Wheel alignment

Important things to know about wheel alignment

Snap-on 4 Way Wheel Aligner With Prism Technology

Align_ToeinIn its most basic form, a wheel alignment consists of adjusting the angles of the wheels so that they are perpendicular to the ground and parallel to each other. The purpose of these adjustments is maximum tire life and a vehicle that tracks straight and true when driving along a straight and level road.

Wheel Alignment is often confused with Wheel Balancing.  The two really have nothing to do with each other except for the fact that they affect ride and handling.  If a wheel is out of balance, it will cause a vibration at highway speeds that can be felt in the steering wheel and/or the seat.  If the alignment is out, it can cause excessive tire wear and steering or tracking problems and higher fuel consumption.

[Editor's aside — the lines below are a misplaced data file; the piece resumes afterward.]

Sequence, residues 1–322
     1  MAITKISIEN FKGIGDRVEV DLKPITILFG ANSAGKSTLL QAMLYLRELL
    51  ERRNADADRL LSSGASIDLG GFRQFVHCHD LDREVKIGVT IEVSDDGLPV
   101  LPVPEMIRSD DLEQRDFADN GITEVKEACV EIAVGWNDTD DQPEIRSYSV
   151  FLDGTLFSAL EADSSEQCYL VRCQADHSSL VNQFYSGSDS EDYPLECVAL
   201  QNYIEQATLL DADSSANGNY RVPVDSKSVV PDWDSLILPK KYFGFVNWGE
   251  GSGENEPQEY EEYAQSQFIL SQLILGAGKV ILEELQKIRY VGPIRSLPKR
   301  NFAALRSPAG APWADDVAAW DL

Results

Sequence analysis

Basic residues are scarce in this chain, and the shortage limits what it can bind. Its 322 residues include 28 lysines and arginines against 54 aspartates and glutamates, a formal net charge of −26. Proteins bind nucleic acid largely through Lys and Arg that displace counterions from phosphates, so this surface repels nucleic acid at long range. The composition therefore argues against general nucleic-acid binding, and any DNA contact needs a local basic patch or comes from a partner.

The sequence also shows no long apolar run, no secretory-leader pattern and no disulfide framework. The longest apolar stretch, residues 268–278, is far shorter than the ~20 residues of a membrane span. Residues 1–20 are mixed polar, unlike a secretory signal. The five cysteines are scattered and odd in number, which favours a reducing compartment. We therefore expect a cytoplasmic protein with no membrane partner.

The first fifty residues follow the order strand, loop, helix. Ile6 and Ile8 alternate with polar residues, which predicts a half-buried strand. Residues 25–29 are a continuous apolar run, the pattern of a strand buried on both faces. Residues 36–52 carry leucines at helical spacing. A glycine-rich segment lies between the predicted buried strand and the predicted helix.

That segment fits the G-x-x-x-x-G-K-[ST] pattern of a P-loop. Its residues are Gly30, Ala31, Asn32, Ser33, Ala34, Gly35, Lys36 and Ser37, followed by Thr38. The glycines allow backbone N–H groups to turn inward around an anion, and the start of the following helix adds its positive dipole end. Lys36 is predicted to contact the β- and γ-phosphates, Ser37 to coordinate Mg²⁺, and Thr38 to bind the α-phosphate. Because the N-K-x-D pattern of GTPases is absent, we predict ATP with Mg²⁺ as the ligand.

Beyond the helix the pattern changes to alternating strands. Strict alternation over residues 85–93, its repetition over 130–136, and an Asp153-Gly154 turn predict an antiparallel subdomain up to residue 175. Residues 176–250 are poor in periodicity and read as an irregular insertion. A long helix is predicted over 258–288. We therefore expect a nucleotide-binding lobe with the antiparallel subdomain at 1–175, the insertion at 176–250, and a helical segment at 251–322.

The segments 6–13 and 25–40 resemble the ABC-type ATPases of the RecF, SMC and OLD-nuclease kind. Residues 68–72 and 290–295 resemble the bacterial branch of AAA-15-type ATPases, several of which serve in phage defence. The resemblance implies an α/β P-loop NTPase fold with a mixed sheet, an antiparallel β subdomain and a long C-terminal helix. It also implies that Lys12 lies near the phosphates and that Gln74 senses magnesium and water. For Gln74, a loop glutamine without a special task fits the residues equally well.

There are two types of angles that should be adjusted regularly during the life of an automobile. The first type is called the ‘primary angles’ and second type is called ‘secondary angles’

Within primary angles, there are three adjustment parameters involved on each axle in order to properly align a vehicle. These adjustments are camber, caster and toe. On some cars, there may only be the ability to adjust for one or two of the parameters.These three parameters can be further categorized into front and rear, so summarily the parameters are:

  • Front: Caster (left & right)
  • Front: Camber (left & right)
  • Front: Toe (left, right & total)
  • Rear: Camber (left & right)
  • Rear: Toe (left, right & total)
  • Rear: Thrust angle

As for the Secondary Angles, the adjustment parameters are quite numerous. They are:

  • SAI (left & right)
  • Included angle (left & right)
  • Toe out on turns (left & right)
  • Maximum Turns (left & right)
  • Toe curve change (left & right)
  • Track width difference
  • Wheel base difference
  • Front ride height (left & right)
  • Rear ride height (left & right)
  • Frame angle